grown into a responsible adult. My path has been one of integration and I continue to unite the wisdom I have found in Judaism, the spiritual principles of 12-Step programs, and other faith traditions with “street smarts” and my innate sense about business and how to make a deal. I work hard each day to see the divine image in each person and the spiritual principles at play in every situation.
I have been fortunate enough to be profoundly impacted by many teachers; there are so many who have contributed to my recovery, from finding my calling to work in criminal rehabilitation and addiction treatment, to becoming an ordained rabbi in 2000, and to my current position as CEO and Senior Rabbi for Beit T’Shuvah, a successful nonprofit, long-term treatment center in Los Angeles. I certainly would not have found my way without a lot of help along the path and there is one person who has been a constant companion in my search to find wholeness- my daughter, Heather Garrett. When she was six years old she wrote me a letter while I was in prison for the last time:
“Daddy, I hate you because you are part of me and when you are in prison, part of me is in prison and I didn’t do anything to be in prison. Love, Heather.”
I had already made the decision to change and listen to where God was trying to guide me, but this letter solidified my resolve. For the first time, I realized how much I mattered to my daughter. This experience led me to a new and overwhelming understanding: You Matter! This is the first teaching that I impart to new clients at Beit T’Shuvah. We all matter, everything we do has an impact on other people, the world around us, and ourselves.
I have had the honor and privilege of teaching and learning with many people who have made me the man I am today. One of the gifts of this journey is that I can honor my father’s memory and life principles. I have also received the immense gift of becoming a proud and committed father, no longer trapping my only child in my own imprisonment.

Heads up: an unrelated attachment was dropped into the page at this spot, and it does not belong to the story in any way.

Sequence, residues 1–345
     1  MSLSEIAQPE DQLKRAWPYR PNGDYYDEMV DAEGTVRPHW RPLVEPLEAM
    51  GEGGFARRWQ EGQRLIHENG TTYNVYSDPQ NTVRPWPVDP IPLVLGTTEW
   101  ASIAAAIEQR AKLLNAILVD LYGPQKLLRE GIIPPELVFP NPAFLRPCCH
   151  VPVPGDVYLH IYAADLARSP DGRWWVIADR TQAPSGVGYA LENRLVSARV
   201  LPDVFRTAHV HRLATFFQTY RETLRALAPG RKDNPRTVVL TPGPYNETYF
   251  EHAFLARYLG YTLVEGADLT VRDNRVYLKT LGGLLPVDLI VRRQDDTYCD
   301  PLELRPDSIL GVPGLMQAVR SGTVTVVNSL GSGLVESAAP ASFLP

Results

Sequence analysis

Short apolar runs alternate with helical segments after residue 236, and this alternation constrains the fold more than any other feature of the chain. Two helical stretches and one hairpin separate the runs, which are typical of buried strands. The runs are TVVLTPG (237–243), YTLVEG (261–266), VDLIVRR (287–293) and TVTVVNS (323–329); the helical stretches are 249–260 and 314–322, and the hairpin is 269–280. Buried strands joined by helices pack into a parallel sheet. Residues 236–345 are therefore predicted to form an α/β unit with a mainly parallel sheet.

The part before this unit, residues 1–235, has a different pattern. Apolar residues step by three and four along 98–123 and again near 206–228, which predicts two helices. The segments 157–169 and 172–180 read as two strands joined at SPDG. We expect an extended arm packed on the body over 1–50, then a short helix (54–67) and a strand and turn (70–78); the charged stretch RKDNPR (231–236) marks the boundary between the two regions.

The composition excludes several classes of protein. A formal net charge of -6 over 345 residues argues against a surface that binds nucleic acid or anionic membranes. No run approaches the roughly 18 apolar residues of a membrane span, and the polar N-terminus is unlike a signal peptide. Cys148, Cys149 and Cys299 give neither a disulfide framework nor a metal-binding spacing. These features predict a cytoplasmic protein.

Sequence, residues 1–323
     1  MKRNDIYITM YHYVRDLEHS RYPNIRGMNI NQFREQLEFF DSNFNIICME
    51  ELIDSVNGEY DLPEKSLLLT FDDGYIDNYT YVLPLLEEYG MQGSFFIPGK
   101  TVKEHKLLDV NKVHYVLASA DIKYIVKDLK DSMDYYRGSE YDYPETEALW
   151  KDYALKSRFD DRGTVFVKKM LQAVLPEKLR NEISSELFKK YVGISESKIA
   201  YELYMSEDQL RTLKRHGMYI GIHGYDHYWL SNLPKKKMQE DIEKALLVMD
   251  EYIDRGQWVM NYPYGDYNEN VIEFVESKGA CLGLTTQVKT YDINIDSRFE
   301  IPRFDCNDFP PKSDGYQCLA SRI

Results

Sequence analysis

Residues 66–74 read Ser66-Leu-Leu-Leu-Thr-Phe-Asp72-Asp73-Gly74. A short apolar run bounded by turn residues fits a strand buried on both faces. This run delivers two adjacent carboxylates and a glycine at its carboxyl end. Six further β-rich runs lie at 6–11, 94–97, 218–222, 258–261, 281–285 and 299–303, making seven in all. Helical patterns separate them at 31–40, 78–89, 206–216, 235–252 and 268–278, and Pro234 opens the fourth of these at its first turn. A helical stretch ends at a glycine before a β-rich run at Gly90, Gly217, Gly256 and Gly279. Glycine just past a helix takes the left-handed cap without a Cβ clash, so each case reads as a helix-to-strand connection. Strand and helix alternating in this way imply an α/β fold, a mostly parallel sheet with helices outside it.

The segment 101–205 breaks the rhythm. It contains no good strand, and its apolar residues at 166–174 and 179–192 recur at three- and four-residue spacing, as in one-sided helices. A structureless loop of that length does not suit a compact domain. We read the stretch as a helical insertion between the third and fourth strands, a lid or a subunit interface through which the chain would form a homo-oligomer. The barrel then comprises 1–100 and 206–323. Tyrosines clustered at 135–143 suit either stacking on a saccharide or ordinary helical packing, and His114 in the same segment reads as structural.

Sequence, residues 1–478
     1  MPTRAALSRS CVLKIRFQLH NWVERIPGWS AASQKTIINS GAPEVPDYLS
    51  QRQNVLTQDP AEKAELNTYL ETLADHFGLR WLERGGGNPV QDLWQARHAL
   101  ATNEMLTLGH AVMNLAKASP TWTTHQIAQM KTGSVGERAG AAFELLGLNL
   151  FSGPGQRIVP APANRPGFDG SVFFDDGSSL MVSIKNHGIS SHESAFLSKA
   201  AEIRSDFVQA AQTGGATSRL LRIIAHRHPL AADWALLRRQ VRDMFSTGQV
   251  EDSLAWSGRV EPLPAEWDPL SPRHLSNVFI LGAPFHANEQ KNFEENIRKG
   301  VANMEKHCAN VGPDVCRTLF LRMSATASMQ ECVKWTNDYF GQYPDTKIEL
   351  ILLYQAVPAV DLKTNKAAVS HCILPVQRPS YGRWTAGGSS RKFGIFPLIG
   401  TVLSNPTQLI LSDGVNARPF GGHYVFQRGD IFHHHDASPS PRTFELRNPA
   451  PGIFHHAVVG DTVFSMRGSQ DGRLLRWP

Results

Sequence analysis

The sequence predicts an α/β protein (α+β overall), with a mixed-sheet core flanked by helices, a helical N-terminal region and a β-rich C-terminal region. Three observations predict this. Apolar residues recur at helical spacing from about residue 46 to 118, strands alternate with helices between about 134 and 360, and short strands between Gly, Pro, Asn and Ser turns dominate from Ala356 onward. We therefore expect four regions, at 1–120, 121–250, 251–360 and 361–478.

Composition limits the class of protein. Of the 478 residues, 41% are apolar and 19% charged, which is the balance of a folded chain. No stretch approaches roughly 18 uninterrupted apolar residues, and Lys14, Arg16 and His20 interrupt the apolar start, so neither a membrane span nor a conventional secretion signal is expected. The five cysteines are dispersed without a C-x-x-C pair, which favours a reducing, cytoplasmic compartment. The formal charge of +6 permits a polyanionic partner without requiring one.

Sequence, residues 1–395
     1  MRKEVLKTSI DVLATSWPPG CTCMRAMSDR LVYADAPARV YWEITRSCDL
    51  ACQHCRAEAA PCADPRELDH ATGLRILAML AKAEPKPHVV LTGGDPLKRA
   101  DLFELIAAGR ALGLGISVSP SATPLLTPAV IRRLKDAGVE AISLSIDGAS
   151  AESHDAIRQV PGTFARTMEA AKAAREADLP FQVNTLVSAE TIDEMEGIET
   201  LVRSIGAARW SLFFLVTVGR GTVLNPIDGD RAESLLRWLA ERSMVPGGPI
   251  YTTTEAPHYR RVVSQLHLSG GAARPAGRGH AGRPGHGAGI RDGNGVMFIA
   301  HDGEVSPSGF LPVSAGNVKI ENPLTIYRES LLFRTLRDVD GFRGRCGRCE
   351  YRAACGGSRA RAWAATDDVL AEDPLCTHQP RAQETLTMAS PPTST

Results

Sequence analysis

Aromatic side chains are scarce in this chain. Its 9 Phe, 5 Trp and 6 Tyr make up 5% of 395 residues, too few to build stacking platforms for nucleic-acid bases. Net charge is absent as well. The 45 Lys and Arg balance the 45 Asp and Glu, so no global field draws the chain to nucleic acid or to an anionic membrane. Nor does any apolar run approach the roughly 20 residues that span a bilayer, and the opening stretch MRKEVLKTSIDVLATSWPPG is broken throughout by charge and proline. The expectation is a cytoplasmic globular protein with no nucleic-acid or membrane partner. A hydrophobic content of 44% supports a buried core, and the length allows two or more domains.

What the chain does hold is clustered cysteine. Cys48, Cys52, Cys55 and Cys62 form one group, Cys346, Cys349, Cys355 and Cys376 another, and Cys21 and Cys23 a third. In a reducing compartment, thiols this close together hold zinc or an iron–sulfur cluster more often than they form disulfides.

My journey from criminal to rabbi has involved so many people and experiences, they are far too numerous to name and too rich to fully describe. I am grateful for everyone. Trying to listen to what God is telling me continues to be a daily practice. I cannot always hear or understand, but I am a lot farther along the path than I was when I first started seeking that guidance almost thirty years ago. Thank you, God, for always searching for me, for finding me, and for speaking to me in a way that I can understand. My prayer is that this article speaks to all of you in ways you can understand.
Rabbi Mark Borovitz is the author of The Holy Thief and the newly released book Finding Recovery and Yourself in Torah: A Daily Spiritual Path to Wholeness (Jewish Lights Publishing) Rabbi Mark is the senior Rabbi and CEO of Beit T’Shuvah, a non-profit, non-sectarian, Jewish Addiction Treatment Center and Synagogue community in Los Angeles, CA.